Heaven is a place on earth, and that place is Haro, La Rioja. Last weekend we ventured to the heart of Spanish wine country in search of the perfect glass of fruity, smooth and subtle Rioja wine. Thankfully, after wine tasting in Haro - the wine capital of Rioja - we found just that.
Recently, Spain has surpassed both France and Italy by becoming the world's largest wine producer. Of the many varietals that are cultivated and produced in Spain, Rioja wines are some of the most celebrated.
But what's so special about Haro? Just a 30 minute bus ride from Logroño, Haro is more than just your average Spanish pueblo. Not only does this charming village boast enchanting plazas and picturesque cobblestone streets, but it's also brimming with bodegas, or wineries.
In the 1870s, phylloxera aphids were attacking and destroying vineyards in Bordeaux, France. To save their wineries, French wine makers took their healthy vines to La Rioja, where the vines were then replanted along the railways in Haro. Once the French departed, the vines were left in the hands of the Spaniards. While many of the Spanish workers left, several decided to stay in Haro - including Rafael Lopez de Heredia, the founder of Viña Tondonia.
Not only is Tondonia the oldest winery in Haro, but it's also the third oldest bodega in the region of La Rioja. Since 1877, family owned and operated Viña Tondonia has been producing quality wines using traditional methods.
Among the myriad of wineries in Haro, Tondonia is the only one still using most of their original processing methods. In lieu of modern filtration systems and clarification processes, you can find Viña Tondonia utilizing bouquets of sticks, egg whites, and other archaic techniques. Time consuming as it may be, Tondonia's antiquated strategies ensure that each harvest results in high quality wine.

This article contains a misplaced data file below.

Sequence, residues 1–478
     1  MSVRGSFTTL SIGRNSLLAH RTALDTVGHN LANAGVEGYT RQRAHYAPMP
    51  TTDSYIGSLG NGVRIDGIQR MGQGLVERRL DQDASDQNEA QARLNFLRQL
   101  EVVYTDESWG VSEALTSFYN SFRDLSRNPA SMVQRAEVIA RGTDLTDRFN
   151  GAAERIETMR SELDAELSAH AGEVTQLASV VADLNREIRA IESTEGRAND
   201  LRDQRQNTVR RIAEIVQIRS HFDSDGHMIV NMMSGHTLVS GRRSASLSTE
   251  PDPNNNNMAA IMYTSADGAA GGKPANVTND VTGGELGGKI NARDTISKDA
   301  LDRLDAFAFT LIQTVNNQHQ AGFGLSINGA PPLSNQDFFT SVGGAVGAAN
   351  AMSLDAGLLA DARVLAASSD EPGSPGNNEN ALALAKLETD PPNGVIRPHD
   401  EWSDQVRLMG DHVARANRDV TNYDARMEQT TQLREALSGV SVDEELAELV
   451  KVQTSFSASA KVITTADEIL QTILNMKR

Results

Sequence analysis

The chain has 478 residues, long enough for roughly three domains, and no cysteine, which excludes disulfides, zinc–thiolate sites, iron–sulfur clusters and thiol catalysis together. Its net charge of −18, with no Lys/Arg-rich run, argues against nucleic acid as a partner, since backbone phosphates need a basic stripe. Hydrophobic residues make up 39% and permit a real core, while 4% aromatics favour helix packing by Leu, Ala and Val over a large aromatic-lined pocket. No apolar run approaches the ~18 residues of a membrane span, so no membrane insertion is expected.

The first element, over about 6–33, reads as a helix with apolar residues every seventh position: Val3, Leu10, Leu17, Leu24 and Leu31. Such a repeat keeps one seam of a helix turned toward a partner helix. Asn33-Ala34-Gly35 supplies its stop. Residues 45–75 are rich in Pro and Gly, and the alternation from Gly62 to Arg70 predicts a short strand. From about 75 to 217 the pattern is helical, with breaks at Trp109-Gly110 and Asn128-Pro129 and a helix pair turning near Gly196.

The tour of Tondonia's winery was absolutely enthralling, and seeing firsthand how their archaic methods are implemented was nothing less than fascinating. Our tour included a tasting of three of their perfectly aged wines: their 2005 white Viña Gravonia (which tasted surprisingly like a red), their 2003 Viña Bosconia, and my personal favorite - their 2002 Viña Tondonia Reserva.
As if wine tasting in Haro weren't magical enough, we also spent part of our afternoon exploring the darling town. We wandered aimlessly through the plazas, we each enjoyed a café con leche while we basked in the sun, and we got lost within the colorful, winding streets.
And what would a decadent day of wine tasting be without delicious food to accompany it? We prefaced our tasting at Tondonia with a savory lunch at Los Caños, a traditional pincho bar tucked away in a hidden plaza within the center of Haro. I admired the glutinous pinchos from afar while I devoured my huevos rotos con jamón. We enjoyed our meal alongside several well-rounded and velvety glasses of Martínez Lacuesta Campeador 2005 Reserva.
How to get to Haro from Logroño:
Take an Autobuses Jimenez bus from the Logroño bus station.
Timetables can be found here. Bus tickets cost 3.70€ each way.
Viña Tondonia is a 20 minute walk from the bus station.
What's your favorite Spanish wine?
Where is the best place you've been wine tasting?